Skip to main content

A Must For Parents of College Students

Before they head to campus, students who want a parent’s help managing a chronic health condition should take steps to get medical paperwork in order, experts say.

Three college students with suitcases and bins move into a dormitory.

When it comes to managing health conditions, the hand off from parent to child is often a gradual one. But once a college student turns 18, U.S. medical privacy rules snap into effect.

That means a student who wants a parent to have access to medical records, lab results and treatment plans will have to give them authorization through legal documents, such as a universal Health Insurance Portability and Accountability Act (HIPAA) release form. And in the event a college student is incapacitated, a health care proxy must be in place for a parent to have standing in making medical decisions.

Experts say taking these two steps can save confusion and headaches later, especially for young people who have complex medical conditions like a rare disease.

Universal HIPAA Release Form

“When a child turns 18, they legally transition to adulthood, which means parents no longer automatically have the right to access their child's medical records due to HIPAA,” said Min Hwan Ahn, Attorney at the Law Office of Lally and Ahn in Philadelphia, Pennsylvania.

With a digital or paper copy of a universal HIPAA release form, the college student can designate a parent or both parents as trusted individuals who can access their medical information.

See the American Bar Association’s sample release form. 

It can be helpful for parents to have access to medical records if a college student needs help managing a condition or if they experience an acute flare-up at a university far from home.

“Parents might find themselves in a challenging spot, not being able to intervene medically because they are not privy to the child's full medical history,” Ahn said.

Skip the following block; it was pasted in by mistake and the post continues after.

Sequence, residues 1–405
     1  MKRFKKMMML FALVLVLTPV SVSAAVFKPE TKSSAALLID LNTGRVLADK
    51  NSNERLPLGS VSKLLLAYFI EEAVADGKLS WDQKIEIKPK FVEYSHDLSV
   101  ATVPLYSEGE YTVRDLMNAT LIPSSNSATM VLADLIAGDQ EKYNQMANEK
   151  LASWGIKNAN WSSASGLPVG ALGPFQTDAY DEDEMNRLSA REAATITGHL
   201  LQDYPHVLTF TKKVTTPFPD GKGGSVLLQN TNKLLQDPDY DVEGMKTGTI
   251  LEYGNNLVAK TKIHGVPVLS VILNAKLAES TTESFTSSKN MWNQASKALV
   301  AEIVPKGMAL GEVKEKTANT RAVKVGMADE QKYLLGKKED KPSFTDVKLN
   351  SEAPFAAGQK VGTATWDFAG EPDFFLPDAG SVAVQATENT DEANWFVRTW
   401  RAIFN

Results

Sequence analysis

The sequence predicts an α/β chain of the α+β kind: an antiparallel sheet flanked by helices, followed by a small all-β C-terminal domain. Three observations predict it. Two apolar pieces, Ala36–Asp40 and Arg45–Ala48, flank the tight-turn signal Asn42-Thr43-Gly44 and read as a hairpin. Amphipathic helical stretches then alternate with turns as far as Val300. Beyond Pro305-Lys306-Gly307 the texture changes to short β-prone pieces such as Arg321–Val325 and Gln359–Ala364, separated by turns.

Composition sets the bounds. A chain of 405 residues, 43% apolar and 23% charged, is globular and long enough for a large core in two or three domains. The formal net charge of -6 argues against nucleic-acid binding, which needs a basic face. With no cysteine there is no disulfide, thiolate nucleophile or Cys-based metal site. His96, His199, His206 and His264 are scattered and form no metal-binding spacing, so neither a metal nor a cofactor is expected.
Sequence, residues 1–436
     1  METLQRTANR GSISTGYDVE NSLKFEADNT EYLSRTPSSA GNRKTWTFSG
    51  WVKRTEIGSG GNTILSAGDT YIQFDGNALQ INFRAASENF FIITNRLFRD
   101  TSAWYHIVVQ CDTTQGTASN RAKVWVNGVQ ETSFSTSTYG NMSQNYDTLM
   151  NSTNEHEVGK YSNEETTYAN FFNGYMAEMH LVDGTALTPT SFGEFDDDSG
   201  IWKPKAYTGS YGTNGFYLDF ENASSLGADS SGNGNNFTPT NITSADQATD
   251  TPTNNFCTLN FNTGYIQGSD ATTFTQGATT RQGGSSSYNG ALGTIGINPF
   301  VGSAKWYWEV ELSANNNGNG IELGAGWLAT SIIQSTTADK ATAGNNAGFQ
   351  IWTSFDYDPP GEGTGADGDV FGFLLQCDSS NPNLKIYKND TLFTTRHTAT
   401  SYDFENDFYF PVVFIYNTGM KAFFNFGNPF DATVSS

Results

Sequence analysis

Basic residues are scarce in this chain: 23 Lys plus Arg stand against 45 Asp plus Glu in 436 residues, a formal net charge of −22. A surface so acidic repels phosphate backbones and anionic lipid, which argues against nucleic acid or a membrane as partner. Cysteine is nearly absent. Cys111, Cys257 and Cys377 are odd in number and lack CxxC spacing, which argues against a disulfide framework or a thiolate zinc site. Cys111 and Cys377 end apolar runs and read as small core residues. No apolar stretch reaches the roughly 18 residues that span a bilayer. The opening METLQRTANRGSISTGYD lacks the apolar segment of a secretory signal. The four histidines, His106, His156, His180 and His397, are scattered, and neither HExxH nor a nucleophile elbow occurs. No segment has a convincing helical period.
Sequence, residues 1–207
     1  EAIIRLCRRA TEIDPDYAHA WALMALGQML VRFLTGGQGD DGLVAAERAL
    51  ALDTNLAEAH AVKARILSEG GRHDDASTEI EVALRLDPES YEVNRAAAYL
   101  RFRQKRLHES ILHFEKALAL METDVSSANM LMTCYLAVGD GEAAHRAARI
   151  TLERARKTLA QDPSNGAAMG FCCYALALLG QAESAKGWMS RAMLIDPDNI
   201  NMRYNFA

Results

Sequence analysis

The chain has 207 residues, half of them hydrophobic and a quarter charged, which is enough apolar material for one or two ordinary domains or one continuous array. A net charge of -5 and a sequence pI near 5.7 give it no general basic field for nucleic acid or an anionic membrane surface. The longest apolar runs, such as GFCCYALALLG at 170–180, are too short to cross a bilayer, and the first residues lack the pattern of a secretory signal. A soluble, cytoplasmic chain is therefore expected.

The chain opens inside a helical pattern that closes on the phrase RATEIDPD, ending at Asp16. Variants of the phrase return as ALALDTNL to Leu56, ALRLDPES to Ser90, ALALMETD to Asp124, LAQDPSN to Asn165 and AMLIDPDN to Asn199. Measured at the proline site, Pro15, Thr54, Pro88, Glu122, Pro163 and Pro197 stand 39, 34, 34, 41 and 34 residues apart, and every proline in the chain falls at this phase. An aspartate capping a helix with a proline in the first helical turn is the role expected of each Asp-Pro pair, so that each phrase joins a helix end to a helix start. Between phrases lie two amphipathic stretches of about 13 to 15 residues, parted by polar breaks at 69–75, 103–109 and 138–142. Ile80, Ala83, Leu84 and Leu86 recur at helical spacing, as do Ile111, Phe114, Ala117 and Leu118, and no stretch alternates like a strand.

Health Care Proxy

It’s also a good idea for college students to have a health care proxy or health care power of attorney. The document helps in emergency situations because it designates someone to make medical decisions on the person’s behalf if they are unable to do so. In medical emergencies, having a health care proxy designated can help prevent delays in treatment, said Andrew Pickett, Lead Trial Attorney at Andrew Pickett Law in Melbourne, Florida.

But who should your child designate?

“The health care power of attorney should be someone close to the patient who is familiar with their wishes and medical history,” Pickett said. “They must understand the risks and benefits of any treatments or procedures that may need to be performed.”

The forms can vary state by state, so be sure the form you have will be valid in the state where your child attends college.

“Having clear legal documents is an essential step for any parent to take when their children turn 18 and go off to college, as it gives them peace of mind that they can access essential medical information if needed,” Pickett said.

Learn more about legal documents recommended for college students in this article from the Wall Street Journal: Before Your Child Goes to College, Complete These 6 Important Documents